THE PORT AUTHORITY OF NY & NJ

Press Release Article


PORT AUTHORITY POLICE ACCEPT MEMORIAL QUILT ON BEHALF OF 37 LOST COLLEAGUES - Gift to Port Authority Was Hand-Sewn By Volunteers From Around The Country

Date: Nov 15, 2002
Press Release Number: 122-2002

A beautiful hand-crafted memorial quilt, sewn in honor of the 37 Port Authority Police officers and commanders killed on September 11, 2001, was presented to the Port Authority at the former World Trade Center site today by a group of volunteer quilters from around the nation.

Twelve talented craftswomen worked for eight months on the six-foot-by-eight-foot quilt, which includes photographs on fabric of all 37 officers and commanders who were lost. The quilt also includes a photo of the Port Authority police dog Sirius.

The volunteers undertook the project, they said, out of a desire to commemorate the heroism of the Port Authority Police who rushed in to save lives at the World Trade Center, even as most of the buildings’ occupants were fleeing.

The project is one of seven memorial quilt projects currently in progress under the direction of a group known as \"America’s 9-11 Memorial Quilts.\" The organization includes more than 400 volunteers from around the country.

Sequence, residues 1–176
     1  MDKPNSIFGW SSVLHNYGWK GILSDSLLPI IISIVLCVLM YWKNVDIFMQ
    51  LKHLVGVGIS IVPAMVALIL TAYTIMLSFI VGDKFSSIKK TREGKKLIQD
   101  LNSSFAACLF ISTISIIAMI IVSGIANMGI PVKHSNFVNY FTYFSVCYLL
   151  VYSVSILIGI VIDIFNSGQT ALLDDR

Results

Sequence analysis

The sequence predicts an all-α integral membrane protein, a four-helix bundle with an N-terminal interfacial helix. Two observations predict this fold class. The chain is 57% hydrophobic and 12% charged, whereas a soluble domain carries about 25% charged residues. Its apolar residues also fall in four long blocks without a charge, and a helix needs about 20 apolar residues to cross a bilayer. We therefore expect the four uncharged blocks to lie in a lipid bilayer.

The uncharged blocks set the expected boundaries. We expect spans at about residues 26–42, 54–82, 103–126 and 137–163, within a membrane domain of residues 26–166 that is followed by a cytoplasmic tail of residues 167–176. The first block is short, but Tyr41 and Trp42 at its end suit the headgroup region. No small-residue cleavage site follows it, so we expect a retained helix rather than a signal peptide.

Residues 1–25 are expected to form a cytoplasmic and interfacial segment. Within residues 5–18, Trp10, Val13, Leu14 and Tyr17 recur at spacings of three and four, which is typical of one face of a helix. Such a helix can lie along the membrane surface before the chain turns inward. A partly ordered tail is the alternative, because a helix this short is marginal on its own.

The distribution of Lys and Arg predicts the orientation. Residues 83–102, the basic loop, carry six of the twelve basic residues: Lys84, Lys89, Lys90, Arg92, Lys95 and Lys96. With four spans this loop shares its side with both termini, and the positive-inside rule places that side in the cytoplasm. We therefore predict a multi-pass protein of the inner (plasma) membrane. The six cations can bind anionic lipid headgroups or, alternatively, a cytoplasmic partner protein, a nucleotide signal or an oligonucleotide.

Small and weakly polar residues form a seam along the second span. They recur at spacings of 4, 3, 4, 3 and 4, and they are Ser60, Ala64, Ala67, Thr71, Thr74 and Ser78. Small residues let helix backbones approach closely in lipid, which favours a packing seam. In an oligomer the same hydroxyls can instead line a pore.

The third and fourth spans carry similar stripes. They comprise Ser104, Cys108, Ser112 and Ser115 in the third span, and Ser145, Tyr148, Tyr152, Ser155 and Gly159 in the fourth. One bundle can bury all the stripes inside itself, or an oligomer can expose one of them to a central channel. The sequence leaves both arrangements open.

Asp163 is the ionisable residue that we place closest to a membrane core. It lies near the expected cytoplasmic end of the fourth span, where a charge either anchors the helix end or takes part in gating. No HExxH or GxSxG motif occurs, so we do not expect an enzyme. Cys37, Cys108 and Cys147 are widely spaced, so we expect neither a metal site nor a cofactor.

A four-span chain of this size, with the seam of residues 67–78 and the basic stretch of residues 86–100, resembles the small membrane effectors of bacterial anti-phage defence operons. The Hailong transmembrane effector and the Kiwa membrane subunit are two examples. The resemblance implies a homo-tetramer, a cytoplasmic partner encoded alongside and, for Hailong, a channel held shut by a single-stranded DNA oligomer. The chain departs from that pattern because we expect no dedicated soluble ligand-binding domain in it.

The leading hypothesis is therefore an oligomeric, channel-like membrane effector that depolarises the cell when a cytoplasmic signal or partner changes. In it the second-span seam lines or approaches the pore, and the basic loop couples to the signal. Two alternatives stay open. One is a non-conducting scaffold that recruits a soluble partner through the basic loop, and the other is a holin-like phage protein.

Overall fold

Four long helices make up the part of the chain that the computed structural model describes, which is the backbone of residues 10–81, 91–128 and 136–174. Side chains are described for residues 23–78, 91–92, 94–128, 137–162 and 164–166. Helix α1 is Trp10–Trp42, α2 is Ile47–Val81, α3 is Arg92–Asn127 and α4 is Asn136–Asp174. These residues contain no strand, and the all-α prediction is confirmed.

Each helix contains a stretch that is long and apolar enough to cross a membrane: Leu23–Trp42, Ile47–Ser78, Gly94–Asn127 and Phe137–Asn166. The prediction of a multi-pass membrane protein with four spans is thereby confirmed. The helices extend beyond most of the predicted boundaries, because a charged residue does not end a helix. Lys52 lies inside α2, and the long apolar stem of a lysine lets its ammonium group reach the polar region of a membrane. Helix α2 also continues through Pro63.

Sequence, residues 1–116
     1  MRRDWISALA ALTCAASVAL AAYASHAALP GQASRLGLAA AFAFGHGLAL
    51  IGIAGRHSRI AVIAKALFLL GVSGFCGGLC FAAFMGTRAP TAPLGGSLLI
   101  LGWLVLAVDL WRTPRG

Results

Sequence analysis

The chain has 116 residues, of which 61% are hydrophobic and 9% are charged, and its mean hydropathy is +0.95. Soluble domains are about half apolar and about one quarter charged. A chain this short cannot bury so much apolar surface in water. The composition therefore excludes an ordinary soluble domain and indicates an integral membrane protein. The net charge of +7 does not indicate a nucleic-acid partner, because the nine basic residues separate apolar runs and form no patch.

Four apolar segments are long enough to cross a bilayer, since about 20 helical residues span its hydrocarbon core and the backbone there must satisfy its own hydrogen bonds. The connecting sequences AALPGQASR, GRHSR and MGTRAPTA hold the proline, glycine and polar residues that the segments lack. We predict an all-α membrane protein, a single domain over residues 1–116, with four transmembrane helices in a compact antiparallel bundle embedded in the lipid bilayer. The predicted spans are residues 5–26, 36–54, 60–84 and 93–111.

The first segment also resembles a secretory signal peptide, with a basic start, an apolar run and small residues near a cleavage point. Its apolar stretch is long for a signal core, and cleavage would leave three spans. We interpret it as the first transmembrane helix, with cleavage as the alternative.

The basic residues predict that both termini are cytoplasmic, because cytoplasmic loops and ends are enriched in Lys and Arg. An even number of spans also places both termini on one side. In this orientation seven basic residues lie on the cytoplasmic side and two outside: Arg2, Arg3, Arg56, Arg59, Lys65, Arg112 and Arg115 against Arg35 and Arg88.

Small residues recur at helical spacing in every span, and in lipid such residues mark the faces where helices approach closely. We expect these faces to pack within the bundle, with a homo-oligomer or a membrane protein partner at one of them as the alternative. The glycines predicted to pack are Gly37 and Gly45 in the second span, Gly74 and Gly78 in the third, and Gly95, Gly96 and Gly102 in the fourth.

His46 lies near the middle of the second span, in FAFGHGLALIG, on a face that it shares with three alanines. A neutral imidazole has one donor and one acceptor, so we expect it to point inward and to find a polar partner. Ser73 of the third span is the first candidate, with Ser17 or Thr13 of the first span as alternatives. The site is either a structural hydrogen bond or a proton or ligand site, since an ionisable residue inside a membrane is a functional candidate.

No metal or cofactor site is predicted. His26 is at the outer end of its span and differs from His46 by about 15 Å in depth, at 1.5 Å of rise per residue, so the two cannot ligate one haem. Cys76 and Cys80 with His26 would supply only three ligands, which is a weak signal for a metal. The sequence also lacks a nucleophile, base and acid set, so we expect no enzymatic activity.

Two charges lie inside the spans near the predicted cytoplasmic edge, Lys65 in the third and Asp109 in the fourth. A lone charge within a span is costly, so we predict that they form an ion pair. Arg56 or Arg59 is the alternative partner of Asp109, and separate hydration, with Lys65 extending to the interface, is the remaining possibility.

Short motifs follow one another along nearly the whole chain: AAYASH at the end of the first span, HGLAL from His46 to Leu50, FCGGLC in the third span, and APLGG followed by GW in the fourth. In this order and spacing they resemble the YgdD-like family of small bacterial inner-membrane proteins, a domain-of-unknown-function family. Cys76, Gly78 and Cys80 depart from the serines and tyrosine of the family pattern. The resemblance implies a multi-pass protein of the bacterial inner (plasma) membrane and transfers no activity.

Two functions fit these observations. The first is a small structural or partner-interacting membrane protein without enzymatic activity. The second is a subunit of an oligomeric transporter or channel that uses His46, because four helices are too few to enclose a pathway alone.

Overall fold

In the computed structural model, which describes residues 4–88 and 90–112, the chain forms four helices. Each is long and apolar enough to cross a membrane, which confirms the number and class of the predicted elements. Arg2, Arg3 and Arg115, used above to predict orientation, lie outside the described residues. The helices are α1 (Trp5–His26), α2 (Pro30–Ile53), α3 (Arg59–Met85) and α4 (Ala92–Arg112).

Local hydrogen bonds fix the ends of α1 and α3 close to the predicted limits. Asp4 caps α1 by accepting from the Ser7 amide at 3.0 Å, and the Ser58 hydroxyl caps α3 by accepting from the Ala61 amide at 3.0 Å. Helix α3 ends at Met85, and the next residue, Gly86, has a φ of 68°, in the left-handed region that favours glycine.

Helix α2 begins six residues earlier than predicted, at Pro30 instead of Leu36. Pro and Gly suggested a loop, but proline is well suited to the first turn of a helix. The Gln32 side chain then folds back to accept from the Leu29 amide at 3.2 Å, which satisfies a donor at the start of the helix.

Michael R. DeCotiis, Deputy Executive Director of the Port Authority, said, \"The Port Authority lost 37 brave, dedicated police officers on September 11, 2001 – the greatest one-day loss of life ever by a police force in the United States. The Port Authority is determined to make sure their memories, and the memories of all those who were slain that day, will live forever in a proper memorial at ground zero. We are also very grateful for the deeply felt sentiments of people around the country, including volunteers like those in the ‘America’s 9-11 Memorial Quilts’ organization, who contributed to this magnificent tribute.\"

Charles D. De Rienzo, Superintendent of the Port Authority Police Department, in accepting the quilt on behalf of the Port Authority, said, \"This is an extraordinary gift that comes from the heart and soul of America. Twelve dedicated and talented women spent hundreds of hours to produce this moving memorial. Many others also volunteered their time to contribute to its creation. On behalf of our police force, and the families of our heroic brothers and sisters who made the ultimate sacrifice to save lives on September 11, I would like to express our profound gratitude.\"

Jeannie Ammerman, the quilt’s project director, said, \"We pray that this memorial can help families, friends and fellow officers from the Port Authority heal from this horrible tragedy. This memorial delivers a message: that America will not forget the sacrifice made by the Port Authority Police. Pictures of these 37 heroes will also be included in our larger project, the 9-11 Victims’ Quilt, a 10-foot-by-60-foot memorial quilt that will include all the victims of the September 11 attacks in New York, Washington and Pennsylvania.\"